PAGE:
It’s safe to say activated charcoal is having a serious moment right now, popping up in everything from skincare and teeth whitening products to ice-cream, cocktails and lattes. And quite frankly, it’s not hard to see why. Not only does it look #edgychic in Instagram pics, but the substance is also said to have powerful detoxifying properties.
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But lately, activated charcoal has been creating a buzz in the wellness world for all the wrong reasons. We recently wrote about how food and drink products containing the substance have officially been banned in NYC. But meanwhile, it’s still currently available in countries around the world—including Australia. So, what’s the deal? Is activated charcoal safe for us to consume? Are we risking our lives ordering Instagrammable cocktails? Here, we find out.
Let’s start with the good (well, kind of). Yes, it is true that activated charcoal is a natural binding agent that helps draw out nasty stuff. In fact, it’s long been used in emergency rooms for this very reason. “It’s very absorbent, so it’s been used in the medical field for years in situations like poisoning or overdose,” Dr. Shilpi Agarwal told Well + Good. “We give patients activated charcoal because what it does is find everything in the stomach and absorb it before the body does and [the toxic chemicals] get into the bloodstream.”
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But here’s the thing—it doesn’t work quite the same way when you consume it in a cafe or bar. Firstly, activated charcoal can’t determine between good or bad: so it may draw out the good-for-you nutrients as well as toxins and chemical nasties. Secondly, the activated charcoal that goes into food or drink products isn’t medical grade. So, there’s a good chance that you wouldn’t even consume enough to experience that detoxifying effect in the first place.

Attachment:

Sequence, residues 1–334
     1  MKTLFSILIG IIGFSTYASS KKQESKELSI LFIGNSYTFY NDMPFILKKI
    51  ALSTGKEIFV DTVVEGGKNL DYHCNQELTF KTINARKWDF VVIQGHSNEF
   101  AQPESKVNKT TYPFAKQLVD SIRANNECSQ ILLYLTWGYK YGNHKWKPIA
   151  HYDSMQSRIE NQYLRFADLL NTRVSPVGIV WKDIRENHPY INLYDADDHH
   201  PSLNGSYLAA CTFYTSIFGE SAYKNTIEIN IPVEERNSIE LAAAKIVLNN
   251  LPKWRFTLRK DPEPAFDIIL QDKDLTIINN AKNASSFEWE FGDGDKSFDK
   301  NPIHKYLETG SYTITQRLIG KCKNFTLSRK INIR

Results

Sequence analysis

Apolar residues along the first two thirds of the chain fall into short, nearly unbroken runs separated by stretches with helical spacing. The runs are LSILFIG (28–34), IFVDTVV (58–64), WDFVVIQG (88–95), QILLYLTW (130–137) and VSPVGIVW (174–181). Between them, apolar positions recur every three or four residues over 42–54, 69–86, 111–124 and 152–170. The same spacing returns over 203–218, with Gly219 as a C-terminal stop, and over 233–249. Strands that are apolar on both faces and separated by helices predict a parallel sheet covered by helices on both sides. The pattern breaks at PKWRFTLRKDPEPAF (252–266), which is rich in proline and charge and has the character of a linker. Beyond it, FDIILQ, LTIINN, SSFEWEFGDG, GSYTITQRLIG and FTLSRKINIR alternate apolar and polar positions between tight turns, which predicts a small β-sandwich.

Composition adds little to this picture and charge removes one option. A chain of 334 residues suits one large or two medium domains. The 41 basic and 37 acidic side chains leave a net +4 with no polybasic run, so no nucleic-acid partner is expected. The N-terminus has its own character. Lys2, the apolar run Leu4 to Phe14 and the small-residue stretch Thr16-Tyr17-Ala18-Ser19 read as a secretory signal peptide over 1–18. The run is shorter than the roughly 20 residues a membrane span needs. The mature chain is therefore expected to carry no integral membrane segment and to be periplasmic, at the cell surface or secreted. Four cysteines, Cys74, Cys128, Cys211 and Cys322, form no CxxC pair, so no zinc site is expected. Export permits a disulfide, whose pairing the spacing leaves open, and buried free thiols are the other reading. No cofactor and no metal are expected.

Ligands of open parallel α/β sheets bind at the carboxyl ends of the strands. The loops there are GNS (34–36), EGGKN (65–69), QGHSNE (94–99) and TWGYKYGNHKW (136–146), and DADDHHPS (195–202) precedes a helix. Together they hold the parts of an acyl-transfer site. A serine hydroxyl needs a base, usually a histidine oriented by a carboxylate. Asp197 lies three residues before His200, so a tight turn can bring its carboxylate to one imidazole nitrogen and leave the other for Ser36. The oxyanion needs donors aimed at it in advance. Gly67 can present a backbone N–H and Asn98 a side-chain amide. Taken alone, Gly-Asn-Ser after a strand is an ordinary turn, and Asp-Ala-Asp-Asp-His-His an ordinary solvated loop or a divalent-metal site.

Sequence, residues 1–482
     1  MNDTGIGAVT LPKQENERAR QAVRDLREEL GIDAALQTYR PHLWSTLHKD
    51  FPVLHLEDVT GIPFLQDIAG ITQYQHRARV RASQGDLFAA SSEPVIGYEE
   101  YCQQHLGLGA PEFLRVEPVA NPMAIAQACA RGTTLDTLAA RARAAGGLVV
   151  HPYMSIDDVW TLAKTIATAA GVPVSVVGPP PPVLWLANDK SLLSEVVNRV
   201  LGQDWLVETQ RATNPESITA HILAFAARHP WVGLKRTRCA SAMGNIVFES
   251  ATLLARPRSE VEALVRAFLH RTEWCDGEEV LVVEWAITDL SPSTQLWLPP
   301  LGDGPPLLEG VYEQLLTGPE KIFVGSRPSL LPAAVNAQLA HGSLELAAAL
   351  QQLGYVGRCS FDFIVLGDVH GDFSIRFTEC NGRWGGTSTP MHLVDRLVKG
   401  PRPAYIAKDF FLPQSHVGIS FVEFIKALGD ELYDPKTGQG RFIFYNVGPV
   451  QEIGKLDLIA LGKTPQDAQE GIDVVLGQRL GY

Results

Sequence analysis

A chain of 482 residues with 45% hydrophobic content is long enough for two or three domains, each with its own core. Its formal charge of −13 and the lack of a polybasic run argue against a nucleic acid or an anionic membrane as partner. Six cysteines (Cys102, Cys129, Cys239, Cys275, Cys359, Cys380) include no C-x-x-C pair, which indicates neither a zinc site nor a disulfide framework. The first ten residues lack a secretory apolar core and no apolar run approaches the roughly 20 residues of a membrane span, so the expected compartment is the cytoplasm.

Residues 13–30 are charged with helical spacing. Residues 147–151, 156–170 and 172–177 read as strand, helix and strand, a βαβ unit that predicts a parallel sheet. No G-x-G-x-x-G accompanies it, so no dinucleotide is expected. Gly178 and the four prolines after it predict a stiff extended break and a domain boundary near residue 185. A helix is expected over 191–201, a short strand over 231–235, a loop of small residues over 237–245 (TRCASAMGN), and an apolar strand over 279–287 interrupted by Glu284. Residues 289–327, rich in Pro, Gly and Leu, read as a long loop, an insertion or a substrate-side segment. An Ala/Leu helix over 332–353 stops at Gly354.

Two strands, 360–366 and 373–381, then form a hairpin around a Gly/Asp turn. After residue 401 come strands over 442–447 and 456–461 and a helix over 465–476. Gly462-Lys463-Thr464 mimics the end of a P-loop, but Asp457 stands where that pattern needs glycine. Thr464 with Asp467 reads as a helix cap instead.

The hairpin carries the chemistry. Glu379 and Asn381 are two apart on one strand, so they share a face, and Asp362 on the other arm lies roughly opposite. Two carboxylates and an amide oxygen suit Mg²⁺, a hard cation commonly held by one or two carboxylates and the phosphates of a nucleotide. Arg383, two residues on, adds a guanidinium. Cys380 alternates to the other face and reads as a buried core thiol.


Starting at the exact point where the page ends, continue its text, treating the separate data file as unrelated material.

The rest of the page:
Okay, so activated charcoal lattes aren’t exactly the health elixir they’ve been made out to be. But are they actually bad for us? Well, there are concerns. Firstly, as food grade activated charcoal isn’t regulated, you don’t know exactly where it’s coming from. While some companies source theirs from coconut shell or olive oil seeds, others get theirs from petroleum—which is obviously worrying.
Then, there’s the side effects. Not only can it soak up beneficial minerals in certain doses, activated charcoal has been said to interfere with vitamins, prescription medications and the contraceptive pill if digested within 30 minutes. Other potential side effects include constipation (as it’s a binding agent) and other digestive issues, as well as enamel abrasion when used in teeth whitening or toothpaste products.
At the end of the day, the amount of activated charcoal in your lattes and ice-cream isn’t likely to hurt you if you’re having them every now and again. But to be safe, it’s generally best to ask eateries where they source their activated charcoal from. And if you’re using it for the detoxifying benefits, you’re probably better off starting your day with lemon in warm water, or stocking up on more fresh veggies.